Please call us at or fill out our contact form if you have any questions about this topic. Maryland law requires sellers to disclose certain known defects to buyers.
Maryland Public Records
Types of Deeds Three types of deeds apply to real estate transactions in Maryland: General Warranty Deed — This is a deed that sellers provide the buyer that guarantees the property is free of any liens or any other legal claims in its entire history. A General Warranty Deed obligates the seller to cover the costs of any undisclosed claims against the property, should claims arise after sale.
Special Warranty Deed — A Special Warranty Deed is similar to a General Warranty Deed, except it does not guarantee that the property is free of any legal claims under previous owners. If, after sale, a previous lien or claim against the property should arise, the buyer would be responsible for resolving those claims.
This type of deed is common in divorce, when one spouse surrenders rights to a jointly owned home, and it can be used to transfer ownership of property to a family member. The person filing the Quitclaim Deed does not imply actual ownership, but instead guarantees that any rights he or she may have in the property are surrendered upon execution of the deed.
An affidavit of survivorship is sometimes called a survivorship affidavit , affidavit of surviving spouse , affidavit of surviving joint tenant , or affidavit of continuous marriage. These terms all refer to the same instrument. To determine if you can use an affidavit of survivorship, review the most recent deed to the property.
If you are listed as a beneficiary under a life estate, lady bird, or TOD deed, look at the deed that gave you an interest as a beneficiary. If you co-owned the property with the deceased owner, review the deed that transferred the property to you and the deceased owner.
Look for language that creates a right of survivorship. The only way to confirm that you have a right of survivorship is to review the deed.
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There are three ways you may hold title with right of survivorship:. If the deed included survivorship rights, and if the other owners named in the deed survived the deceased owner, you can usually use an affidavit of survivorship to remove the deceased owner. We sometimes get questions from customers looking for a deed to remove a deceased owner. Some have been told by a government clerk that they need a quitclaim deed to remove a deceased owner from title to real estate. As a preliminary matter, it is important to note that county clerks are not attorneys.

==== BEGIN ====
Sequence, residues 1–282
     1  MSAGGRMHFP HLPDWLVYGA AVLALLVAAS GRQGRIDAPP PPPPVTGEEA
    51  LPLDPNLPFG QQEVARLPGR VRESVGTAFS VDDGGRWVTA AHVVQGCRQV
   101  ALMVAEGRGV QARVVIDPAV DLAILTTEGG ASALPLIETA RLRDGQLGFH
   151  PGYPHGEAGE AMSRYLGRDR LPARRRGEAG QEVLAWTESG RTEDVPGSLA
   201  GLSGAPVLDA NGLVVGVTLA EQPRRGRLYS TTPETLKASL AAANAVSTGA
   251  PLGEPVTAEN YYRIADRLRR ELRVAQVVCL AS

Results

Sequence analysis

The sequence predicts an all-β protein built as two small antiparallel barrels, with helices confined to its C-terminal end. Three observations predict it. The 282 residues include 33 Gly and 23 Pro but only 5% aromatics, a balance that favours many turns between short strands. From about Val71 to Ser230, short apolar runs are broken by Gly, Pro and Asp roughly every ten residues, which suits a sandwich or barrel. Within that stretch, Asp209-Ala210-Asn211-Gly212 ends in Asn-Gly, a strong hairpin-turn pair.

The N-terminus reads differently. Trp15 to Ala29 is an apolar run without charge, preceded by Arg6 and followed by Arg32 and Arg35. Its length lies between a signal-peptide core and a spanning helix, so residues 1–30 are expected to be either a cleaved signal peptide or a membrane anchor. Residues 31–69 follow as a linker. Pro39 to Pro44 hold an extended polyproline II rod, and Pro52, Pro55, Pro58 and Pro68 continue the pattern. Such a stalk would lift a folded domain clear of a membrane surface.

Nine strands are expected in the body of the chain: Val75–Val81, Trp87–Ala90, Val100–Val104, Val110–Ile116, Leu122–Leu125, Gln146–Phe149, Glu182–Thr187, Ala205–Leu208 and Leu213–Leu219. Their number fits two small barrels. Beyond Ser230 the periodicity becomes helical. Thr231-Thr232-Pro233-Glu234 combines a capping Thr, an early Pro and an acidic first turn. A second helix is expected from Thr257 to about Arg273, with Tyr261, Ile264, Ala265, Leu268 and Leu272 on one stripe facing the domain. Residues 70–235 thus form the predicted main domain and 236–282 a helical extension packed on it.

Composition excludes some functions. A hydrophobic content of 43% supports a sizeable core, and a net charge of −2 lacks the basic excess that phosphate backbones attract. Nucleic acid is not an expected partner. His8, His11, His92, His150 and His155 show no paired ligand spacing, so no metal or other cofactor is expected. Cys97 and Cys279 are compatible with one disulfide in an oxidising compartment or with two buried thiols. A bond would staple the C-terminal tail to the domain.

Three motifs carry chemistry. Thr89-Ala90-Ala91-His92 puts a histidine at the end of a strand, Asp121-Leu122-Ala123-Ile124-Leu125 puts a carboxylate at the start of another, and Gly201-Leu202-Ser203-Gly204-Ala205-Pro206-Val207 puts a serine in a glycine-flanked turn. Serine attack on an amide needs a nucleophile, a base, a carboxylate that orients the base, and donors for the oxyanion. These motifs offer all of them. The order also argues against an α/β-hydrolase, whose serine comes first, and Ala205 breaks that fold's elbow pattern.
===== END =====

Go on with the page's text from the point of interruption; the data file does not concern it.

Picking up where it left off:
Although most are competent and experienced, there are many who are not. County clerks are not always correct and, in any event, should not be giving legal advice. Because the owner is deceased, he or she cannot sign the deed to transfer title to the new owner.
Frederick Real Estate Transfer Lawyer | MD Deed Attorney
For someone to sign on behalf of the deceased owner, he or she would need legal authority to do so. The only way to get legal authority to act on behalf of a deceased owner is to open a probate proceeding as described below. Pressed for office space, the Washington County recorder of deeds was cleaning an unused walk-in vault when she uncovered two tattered books - proof that slavery once flourished in Western Pennsylvania.
Woodward discovered Washington and Adams Gettysburg are the only Pennsylvania counties still possesing their slave registers. Using the books as root-tracing sources would be difficult, though, not so much because of the flowery handwriting but because most slaves were identified by first name only, some weren't named at all and there's no way of knowing if a freed slave or his descendents assumed the listed master's surname.
Still even a cursory glance through the tomes yields interesting facts on the status of blacks in colonial Pennsylvania.
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In the register, in which every master had to record his slaves, a typical entry reads, "One negro woman named Luce aged 19 years". Women sometimes were listed "wench" which back then had no derogatory conotations ; sexual designation sometimes was preceeded, if at all, with any of three spellings of mulatto. Just about everyone: lawyers, tanners, millers, "gentlemen," farmers - even ministers. Herbert Wallace of Fallowfield Twp. Most slaves were young age always was listed since it was a significant price determinant had the owner wished to sell ; children, teens and young adults abound in the register.